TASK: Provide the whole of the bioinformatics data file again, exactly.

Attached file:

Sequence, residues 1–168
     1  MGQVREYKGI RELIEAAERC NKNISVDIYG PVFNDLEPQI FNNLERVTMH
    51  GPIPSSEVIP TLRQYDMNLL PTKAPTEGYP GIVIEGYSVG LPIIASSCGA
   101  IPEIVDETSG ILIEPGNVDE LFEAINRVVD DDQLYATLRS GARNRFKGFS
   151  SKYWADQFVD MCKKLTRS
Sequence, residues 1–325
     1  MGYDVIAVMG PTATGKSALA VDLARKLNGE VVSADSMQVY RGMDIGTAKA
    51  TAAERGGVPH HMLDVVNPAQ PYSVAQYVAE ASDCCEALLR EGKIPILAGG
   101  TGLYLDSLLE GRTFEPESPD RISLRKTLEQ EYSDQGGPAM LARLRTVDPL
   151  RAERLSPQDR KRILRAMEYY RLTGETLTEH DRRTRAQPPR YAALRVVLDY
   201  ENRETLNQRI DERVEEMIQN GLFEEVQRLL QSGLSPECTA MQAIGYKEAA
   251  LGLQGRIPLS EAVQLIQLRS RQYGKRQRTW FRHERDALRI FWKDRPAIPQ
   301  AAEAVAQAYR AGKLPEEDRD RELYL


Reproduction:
Sequence, residues 1–168
     1  MGQVREYKGI RELIEAAERC NKNISVDIYG PVFNDLEPQI FNNLERVTMH
    51  GPIPSSEVIP TLRQYDMNLL PTKAPTEGYP GIVIEGYSVG LPIIASSCGA
   101  IPEIVDETSG ILIEPGNVDE LFEAINRVVD DDQLYATLRS GARNRFKGFS
   151  SKYWADQFVD MCKKLTRS
Sequence, residues 1–325
     1  MGYDVIAVMG PTATGKSALA VDLARKLNGE VVSADSMQVY RGMDIGTAKA
    51  TAAERGGVPH HMLDVVNPAQ PYSVAQYVAE ASDCCEALLR EGKIPILAGG
   101  TGLYLDSLLE GRTFEPESPD RISLRKTLEQ EYSDQGGPAM LARLRTVDPL
   151  RAERLSPQDR KRILRAMEYY RLTGETLTEH DRRTRAQPPR YAALRVVLDY
   201  ENRETLNQRI DERVEEMIQN GLFEEVQRLL QSGLSPECTA MQAIGYKEAA
   251  LGLQGRIPLS EAVQLIQLRS RQYGKRQRTW FRHERDALRI FWKDRPAIPQ
   301  AAEAVAQAYR AGKLPEEDRD RELYL